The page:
A Confluence of Excitement


In two weeks, I’m going to be married, and the company that I work for, VRChat, is going to be deeply, deeply changing. In both cases, I’m confident that this is for the better, and in both cases, I’ve been working very hard to help orchestrate the details.

For NDA reasons, I can’t discuss the things that are happening to VRChat - let’s simply conclude that the winds of change are a-blowin’ and that we are likely to have a really big announcement in the next couple of weeks.

The wedding, now THAT I can discuss.

I’ve planned a few large events in my time. I worked with the Computing Science Student Society in University as the executive responsible for throwing events, and we threw LAN parties, movie nights, barbeques - lots of big things!

I have never, however, planned an event as large and complicated as a wedding. (With that in mind, I suddenly have a lot more respect for the difficulty involved in throwing even a single day’s worth of tech conference. Holy moley!)

I’ve had to coordinate decorators, staff, venues, caterers, a bartender, alcohol, licensing, insurance, I’ve had to pay countless vendors for so many different things, pick out photographers, fill my car to the absolute brim with a variety of Wedding-related tchotchkes, it’s been a lot.

On top of that, I am frequently called upon to have opinions on things that nobody has ever actually had opinions about, like “should the chairs have bows on them?”

Tiffany and I kinda quietly build on each other’s nerdiness. I opened with "let’s make it gently video game themed - like, just work in a few classy video game touches in an otherwise traditional wedding’ - months later, we have a Mario Kart booth, piranha plants, and Tiffany is throwing a plush red shell instead of a bouquet. It’s gonna be great.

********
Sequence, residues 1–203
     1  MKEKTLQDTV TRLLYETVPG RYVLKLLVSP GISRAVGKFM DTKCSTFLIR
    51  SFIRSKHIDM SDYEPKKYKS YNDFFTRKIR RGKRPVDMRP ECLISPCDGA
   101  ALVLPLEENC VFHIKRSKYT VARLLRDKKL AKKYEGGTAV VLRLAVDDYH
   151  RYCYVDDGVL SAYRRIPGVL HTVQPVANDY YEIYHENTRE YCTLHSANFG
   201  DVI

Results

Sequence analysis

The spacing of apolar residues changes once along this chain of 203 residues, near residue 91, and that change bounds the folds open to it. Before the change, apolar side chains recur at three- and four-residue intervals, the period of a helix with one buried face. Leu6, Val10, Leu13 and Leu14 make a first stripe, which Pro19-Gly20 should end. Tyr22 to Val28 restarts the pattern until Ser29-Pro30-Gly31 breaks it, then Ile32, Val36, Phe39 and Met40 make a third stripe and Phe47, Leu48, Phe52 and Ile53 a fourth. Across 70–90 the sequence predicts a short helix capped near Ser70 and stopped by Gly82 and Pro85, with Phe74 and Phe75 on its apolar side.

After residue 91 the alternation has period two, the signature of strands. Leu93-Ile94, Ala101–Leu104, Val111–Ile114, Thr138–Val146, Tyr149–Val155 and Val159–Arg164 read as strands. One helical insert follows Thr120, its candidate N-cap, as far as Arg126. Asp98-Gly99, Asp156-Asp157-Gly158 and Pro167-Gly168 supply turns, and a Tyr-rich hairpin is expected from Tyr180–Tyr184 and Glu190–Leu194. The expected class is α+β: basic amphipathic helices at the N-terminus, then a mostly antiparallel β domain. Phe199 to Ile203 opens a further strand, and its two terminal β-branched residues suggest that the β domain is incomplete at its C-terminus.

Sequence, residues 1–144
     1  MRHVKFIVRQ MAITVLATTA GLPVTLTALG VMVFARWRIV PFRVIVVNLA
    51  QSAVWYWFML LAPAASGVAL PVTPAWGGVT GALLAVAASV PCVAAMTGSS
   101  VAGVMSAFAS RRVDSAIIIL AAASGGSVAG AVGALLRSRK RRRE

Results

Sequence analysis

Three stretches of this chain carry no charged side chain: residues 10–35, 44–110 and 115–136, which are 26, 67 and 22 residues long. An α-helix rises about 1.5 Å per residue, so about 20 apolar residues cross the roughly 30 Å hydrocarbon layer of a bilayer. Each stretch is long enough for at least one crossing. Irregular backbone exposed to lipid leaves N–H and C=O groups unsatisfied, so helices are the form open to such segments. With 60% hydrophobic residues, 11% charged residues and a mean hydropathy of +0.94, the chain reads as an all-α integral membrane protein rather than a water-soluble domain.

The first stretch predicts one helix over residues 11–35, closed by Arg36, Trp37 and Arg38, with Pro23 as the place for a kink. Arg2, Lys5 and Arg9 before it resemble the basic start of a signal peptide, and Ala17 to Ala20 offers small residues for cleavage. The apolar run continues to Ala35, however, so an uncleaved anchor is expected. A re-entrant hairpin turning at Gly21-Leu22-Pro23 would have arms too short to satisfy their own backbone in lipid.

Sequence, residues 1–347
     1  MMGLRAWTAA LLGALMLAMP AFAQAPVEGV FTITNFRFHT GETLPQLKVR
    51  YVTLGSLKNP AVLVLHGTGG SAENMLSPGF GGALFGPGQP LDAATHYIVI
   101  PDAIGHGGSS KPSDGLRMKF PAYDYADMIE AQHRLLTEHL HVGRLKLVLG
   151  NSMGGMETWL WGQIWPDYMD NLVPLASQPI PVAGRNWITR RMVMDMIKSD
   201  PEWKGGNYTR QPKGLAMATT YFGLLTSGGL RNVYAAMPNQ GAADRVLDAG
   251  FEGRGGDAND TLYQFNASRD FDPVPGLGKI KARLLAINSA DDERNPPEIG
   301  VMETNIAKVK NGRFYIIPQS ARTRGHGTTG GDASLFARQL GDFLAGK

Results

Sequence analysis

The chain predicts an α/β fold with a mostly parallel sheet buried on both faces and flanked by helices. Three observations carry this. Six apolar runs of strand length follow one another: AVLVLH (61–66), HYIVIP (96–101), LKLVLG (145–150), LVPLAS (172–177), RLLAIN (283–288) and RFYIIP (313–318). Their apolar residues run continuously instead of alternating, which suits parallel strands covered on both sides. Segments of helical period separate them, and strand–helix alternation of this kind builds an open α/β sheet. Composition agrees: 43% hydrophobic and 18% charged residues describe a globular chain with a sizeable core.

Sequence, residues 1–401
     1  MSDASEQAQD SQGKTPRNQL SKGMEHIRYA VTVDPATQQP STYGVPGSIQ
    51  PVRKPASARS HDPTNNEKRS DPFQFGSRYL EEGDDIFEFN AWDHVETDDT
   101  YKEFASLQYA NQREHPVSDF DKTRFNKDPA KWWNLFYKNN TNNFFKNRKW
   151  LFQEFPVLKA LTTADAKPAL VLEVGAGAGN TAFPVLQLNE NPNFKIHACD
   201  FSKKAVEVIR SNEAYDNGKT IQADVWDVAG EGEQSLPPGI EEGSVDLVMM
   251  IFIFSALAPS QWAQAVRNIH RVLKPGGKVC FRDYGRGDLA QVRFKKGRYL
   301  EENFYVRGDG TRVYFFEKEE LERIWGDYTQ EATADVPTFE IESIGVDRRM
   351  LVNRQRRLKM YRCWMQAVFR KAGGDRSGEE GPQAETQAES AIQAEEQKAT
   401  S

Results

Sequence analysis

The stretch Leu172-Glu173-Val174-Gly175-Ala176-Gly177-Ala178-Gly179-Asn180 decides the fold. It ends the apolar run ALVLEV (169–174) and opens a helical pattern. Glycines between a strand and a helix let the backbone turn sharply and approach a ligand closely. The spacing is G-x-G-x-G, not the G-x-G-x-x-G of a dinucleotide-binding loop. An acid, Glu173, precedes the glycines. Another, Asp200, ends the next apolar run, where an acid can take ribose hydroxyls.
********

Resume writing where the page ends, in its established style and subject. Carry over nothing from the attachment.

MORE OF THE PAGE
Let’s have a brief talk about wedding playlists. Story time: I attended a wedding in '10 that accidentally included Christmas music in the playlist (hi Andy), and Allen and I had a serious chat about wedding playlists. He proceeded to spend the next year thinking more deeply about the problem then perhaps anybody else in history, and launched Wedding DJ ( http://www.steamclock.com/weddingdj/ )

That’s a cool solution, yes, but it was designed with non-expert users in mind, and I’ve instead spent the past 7 years quietly working on The Ultimate Wedding Playlist, collecting data about songs that are popular at weddings ( http://www.steamclock.com/blog/2016/05/wedding-songs-most-popular/ ) and then discarding that data and driving into walls.

Here’s some things about the final product:

  • It is 8.5 hours long, divided into “pre-dance” and “dance” segments
  • Normalized to a consistent volume throughout
  • Deeply, fundamentally geeky. (It contains, among other things, William Shatner singing Rocket Man)
  • As much as possible, it is accompanied with full video, which will be projected near the dance floor.
  • The dance portion is organized in strict chronological order by year, after dinner. After a great deal of struggling with how to mix old tunes with new tunes in a way that would get a good demographic mix on the dance floor, I instead decided to try to optimize micro-dances for individual sub-demographics. Enjoy the music of the 80’s? Well, we’ve got a big stretch of it for you. Do you instead get up on the floor for 90’s early-rap nostalgia and cheesy Backstreet Boys hits? THAT IS A DIFFERENT SEGMENT OF THE EVENING.
  • God, the 90’s were a real hole for dance music, huh?
  • Everything past about 10:30 is left in the hands of some very competent DJs who’ve made the mistake of pasting big chunks of their sets online.
  • When I play chunks of it around people they usually start dancing a little bit. It exhibits, as best as I can tell, high dance-floor pull.
  • doesn’t matter I’m gonna be over with the video games stomping people at Towerfall

Past that, I quietly sealed up the third chapter in a growing compendium of web knowledge that I’m working on: http://butts.work/